Sinyangwe takes on a female perspective in his second novel - a widow, shunned by her husband's family, sole provider for her daughter, who has to overcome incredible odds to enable her daughter to access education. Nasula is shown as a strong and resourceful woman, her many tears shed are never for herself, they are tears of desperation and helplessness. First forced to overcome her pride when she sets off to ask her husband's family for help, then setting off to sell what was meant to be her own food source, the story is in turns heart-wrenching and uplifting, when Nasula meets kind souls along her journey.
The book is quite short (150 pages), but the journey it describes is a long one - emotional, powerful, and well worth reading.
Sabine: Patchwork, by Ellen Banda-Aaku
Toby enjoyed his book by Ellen Banda-Aaku so much that we looked out additional books by her. "Patchwork" won the Penguin Prize for African Writing and was short-listed for the 2012 Commonwealth Book prize. The book follows "Pumpkin", a Zambian girl, first as a 9-year-old girl, then as a grown woman. Daughter of a mistress of a well-to-do man, Pumpkin is used to "Tata" arriving and leaving intermittently. When her mother's problems with alcohol become too obvious to conceal, Tata takes his daughter away, to live on his farm with his wife and their sons. "Mama T" is as cold as Tata is warm and generous, and Pumpkin struggles to find a way to fit in, especially as she realises that her mother was not Tata's first mistress, and won't be his last.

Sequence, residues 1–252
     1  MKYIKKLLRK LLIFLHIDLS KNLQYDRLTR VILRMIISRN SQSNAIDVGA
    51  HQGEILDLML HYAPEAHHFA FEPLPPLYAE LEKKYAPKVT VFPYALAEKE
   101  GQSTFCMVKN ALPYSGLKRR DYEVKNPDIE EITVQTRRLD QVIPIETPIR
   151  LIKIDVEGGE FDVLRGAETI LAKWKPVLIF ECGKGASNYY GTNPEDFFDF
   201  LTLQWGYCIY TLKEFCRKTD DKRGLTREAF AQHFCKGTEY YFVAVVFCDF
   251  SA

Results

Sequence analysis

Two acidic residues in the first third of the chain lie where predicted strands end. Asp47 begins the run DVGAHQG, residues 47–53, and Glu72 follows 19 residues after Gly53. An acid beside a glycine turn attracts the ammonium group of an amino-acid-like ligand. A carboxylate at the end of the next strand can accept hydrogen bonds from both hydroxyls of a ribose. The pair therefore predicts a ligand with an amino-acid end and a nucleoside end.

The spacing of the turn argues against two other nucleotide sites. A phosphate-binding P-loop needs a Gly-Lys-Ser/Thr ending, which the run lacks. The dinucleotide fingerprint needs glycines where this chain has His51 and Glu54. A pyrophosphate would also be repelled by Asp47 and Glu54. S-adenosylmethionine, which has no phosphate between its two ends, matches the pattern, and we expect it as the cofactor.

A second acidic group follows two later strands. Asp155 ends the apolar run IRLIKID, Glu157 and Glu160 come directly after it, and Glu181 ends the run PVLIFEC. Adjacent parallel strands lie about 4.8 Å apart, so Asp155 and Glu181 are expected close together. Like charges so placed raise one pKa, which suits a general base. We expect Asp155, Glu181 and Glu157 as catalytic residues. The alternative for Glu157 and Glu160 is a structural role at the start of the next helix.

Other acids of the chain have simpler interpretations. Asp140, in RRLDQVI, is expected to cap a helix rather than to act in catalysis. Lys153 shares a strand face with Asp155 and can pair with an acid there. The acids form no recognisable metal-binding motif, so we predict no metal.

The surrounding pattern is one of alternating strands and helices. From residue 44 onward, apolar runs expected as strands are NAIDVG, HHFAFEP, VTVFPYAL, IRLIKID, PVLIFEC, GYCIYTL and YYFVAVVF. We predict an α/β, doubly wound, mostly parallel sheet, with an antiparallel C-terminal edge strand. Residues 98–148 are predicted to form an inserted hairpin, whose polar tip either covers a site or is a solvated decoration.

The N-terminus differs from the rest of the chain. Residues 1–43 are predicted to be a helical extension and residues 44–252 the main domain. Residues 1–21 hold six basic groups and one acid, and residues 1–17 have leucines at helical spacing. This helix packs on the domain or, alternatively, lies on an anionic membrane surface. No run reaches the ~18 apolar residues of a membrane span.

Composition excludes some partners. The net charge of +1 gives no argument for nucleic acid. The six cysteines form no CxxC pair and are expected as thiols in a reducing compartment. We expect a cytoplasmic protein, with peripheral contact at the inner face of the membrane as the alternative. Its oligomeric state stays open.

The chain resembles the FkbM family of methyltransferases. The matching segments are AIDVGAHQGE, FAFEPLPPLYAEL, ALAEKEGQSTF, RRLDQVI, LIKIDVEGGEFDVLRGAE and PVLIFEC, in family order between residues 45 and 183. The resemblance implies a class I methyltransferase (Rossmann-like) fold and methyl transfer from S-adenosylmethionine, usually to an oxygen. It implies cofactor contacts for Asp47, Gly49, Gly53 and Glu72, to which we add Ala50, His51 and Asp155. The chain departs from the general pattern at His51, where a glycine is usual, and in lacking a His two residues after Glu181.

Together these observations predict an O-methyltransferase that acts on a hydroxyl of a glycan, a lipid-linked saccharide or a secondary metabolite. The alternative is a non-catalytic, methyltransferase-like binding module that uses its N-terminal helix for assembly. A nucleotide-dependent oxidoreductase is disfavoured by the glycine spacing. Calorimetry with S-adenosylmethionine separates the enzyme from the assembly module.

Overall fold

This book took several unexpected turns - Pumpkin herself is not your typical blameless, hard-done-by heroine, she lies and steals, then feels sorry, but unable to help herself. Her small acts of rebellion are ways to fell some sense of power in a world where everything is decided by grown-ups around her. At some point, Pumpkin remarks that, on television, grown-ups apologise to children. "I have never had an adult apologise to me", she muses. Pumpkin has a temper, and she doesn't lose it as an adult. She struggles to trust the people around her, including her husband in the second part of the book. Her flaws make her much more real, caught in a world between customary beliefs, religion, and science, drawn out in stark detail when her mother gets sick.